to ward off evil influence from all eight directions




warifuda 割りふだで難を割る!
amulet in two parts, to break off the evil


MORE

source : www.tousen.or.jp - amulets


Homepage of the Shrine
source : www.tousen.or.jp



. happoo yoke shugo, hooyoke 八方除守護お守り
protection for the eight directions.


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Souvenirs from Arima


. Ningyoo fude 人形筆 pen dolls .




source : www.choi-cate.net/arima

Arima kago 有馬籠 bamboo baskets


quote
It is said that Saint Kennyo 顕如上人 gifted an Arima Basket to Nene, wife of Hideyoshi, as an Arima souvenir. The basket is also a bamboo craft which Sen no Rikyu 千利休 visiting Arima with Taikou Hideyoshi ordered to make as one of his tea ceremony’s tools.
Now most tea ceremony participants order the basket.
source : www.arima-onsen.com



. Amulets and Talismans from Japan - Hyogo. 


. Talismans for getting pregnant 安産 anzan .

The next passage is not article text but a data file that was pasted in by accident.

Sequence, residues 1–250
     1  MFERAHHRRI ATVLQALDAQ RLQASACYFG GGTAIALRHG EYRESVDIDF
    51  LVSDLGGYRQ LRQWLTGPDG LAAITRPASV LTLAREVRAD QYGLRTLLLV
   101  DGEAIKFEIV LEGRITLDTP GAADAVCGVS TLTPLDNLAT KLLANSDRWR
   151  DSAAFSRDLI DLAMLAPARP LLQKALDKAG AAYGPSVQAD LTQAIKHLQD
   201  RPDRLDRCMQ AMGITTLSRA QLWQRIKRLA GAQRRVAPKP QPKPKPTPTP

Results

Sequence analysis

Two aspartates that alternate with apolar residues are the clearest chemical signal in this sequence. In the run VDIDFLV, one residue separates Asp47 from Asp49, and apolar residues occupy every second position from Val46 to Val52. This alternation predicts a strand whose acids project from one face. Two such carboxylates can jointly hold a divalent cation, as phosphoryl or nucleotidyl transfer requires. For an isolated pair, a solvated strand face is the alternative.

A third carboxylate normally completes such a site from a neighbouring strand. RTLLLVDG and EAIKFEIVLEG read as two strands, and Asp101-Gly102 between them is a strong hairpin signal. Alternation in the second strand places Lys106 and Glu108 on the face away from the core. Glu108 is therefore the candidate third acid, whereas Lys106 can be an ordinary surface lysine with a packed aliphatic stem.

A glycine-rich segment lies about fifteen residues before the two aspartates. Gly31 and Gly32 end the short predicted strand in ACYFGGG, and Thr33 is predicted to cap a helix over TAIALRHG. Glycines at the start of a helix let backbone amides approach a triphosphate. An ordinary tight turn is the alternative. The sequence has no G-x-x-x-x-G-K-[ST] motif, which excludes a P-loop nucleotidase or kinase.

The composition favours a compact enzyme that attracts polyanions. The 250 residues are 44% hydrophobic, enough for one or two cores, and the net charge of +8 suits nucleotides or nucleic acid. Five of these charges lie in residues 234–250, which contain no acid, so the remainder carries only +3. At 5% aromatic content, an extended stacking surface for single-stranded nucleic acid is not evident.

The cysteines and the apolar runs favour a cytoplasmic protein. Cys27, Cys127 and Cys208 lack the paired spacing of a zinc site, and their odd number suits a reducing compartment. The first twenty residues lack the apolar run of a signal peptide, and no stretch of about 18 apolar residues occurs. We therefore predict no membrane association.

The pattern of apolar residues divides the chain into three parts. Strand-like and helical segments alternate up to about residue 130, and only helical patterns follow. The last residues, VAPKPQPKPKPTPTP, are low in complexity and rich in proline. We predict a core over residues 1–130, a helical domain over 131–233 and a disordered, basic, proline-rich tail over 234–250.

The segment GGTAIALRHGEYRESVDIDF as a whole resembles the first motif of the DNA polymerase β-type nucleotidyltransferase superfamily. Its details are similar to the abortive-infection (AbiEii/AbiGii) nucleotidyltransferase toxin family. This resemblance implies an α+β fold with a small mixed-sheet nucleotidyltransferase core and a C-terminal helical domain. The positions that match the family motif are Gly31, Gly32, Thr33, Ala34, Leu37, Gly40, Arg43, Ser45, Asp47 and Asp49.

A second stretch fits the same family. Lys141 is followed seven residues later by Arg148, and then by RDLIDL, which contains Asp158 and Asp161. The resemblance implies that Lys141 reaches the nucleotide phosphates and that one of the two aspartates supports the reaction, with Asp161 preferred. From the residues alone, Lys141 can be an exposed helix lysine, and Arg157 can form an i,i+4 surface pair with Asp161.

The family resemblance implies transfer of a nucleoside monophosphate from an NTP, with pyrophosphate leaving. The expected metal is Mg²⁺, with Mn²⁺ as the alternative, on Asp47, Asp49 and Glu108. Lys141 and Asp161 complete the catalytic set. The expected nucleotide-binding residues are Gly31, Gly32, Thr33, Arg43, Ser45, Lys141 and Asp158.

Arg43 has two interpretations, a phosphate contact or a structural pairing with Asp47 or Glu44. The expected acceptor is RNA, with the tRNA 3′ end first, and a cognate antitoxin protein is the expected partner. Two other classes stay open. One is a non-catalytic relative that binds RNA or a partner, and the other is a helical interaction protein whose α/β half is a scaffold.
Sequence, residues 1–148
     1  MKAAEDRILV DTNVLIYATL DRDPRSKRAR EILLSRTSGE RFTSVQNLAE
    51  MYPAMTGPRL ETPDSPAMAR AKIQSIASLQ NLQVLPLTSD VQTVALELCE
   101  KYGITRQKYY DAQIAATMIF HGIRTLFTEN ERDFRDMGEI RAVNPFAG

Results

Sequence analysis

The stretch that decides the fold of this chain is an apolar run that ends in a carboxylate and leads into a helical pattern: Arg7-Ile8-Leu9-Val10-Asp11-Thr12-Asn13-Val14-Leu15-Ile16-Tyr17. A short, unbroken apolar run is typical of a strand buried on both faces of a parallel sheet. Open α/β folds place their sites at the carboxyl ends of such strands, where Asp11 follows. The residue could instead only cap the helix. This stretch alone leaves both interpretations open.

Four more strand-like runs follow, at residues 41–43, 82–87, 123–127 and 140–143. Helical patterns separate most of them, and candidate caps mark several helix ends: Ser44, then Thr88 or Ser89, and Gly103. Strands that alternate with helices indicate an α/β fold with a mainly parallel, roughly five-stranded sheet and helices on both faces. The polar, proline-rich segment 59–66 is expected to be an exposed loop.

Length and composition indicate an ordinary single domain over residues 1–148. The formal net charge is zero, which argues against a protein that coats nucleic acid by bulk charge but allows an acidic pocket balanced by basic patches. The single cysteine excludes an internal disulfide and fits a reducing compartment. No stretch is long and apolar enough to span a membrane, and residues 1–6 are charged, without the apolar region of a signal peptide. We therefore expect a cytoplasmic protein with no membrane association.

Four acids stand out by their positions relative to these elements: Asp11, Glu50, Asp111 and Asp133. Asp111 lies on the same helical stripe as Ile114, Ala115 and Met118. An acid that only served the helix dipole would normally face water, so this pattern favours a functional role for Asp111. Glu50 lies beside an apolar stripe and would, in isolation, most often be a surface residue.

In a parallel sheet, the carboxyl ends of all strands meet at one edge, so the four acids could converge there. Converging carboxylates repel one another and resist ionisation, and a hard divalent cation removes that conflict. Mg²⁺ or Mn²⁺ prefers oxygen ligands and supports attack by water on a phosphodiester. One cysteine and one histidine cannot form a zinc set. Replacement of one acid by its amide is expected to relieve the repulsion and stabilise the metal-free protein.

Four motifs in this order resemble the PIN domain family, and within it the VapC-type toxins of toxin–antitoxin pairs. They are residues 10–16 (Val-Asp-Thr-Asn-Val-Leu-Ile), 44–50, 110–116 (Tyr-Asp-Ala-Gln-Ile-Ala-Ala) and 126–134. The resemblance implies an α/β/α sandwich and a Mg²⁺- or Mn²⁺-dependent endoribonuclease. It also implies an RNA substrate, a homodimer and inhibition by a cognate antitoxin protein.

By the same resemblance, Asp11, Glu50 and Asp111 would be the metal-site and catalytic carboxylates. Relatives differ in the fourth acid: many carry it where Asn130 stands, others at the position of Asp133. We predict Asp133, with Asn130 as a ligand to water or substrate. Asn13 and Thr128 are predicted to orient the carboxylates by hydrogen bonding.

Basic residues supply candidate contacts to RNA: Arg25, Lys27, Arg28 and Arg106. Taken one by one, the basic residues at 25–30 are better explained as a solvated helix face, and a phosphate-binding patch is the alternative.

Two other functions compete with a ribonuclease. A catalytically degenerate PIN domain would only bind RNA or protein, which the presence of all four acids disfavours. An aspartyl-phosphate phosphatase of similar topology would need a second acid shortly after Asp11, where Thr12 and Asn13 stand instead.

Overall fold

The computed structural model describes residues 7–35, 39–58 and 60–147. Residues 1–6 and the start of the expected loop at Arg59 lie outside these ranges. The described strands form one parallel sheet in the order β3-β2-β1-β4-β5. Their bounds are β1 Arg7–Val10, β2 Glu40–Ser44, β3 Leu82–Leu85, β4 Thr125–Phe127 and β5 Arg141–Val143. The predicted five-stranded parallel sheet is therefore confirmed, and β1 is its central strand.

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Matsutake Konbu 松茸昆布 
Japanese mushroom and sea weeds


We have continued the same traditional way to make Matsutake konbu (Japanese mushroom and sea weeds boiled down with soy sauce) since Muromachi era (1336-1573). To take a long time to boil and season it with soy sauce, liquor, mirin (sweet sake for seasoning) and sugar brings out the great deliciousness.





tansan senbei 炭酸センベイ carbonated crackers

Prepared with the bubbeling carbonated water from Arima hot spring.
It is said that carbonated water gushing out in Arima gave a hint to make Tansan Senbei in 1907.

Though the taste is really simple mixed with wheat flour and the carbonated water and tasted of sugar and salt, only the professional confectioner can provide the same great taste coping with changeable temperature and humidity.
source : www.arima-onsen.com



. WASHOKU - Japanese Food Culture .

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Shrine Arima Tenjinsha 有馬天神社
神戸市北区有馬町1402 
with a special Tenjin onsen - 天神泉源
source : tat.srv7.biz

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The preface’s Tenmantenjin 天満天神 Heaven-Filling-Heaven-God
is the 心霊 divine-spirit of Sugawara no Michizane.


砂糖よりあまみつ神のいますこそ山蜂多く有馬なるらめ
Koufuu 行風

Sweeter than sugar our Heaven-filling Honey-God must be why
Deep in the Arima hills we see so many hornets in the sky!


satou yori amamitsu kami no imasu koso
yamabachi ooku arima narurame

(sugar-more-than-sweet-water=heaven-filling-god/s
are especially / many hornet/s may have=arima is)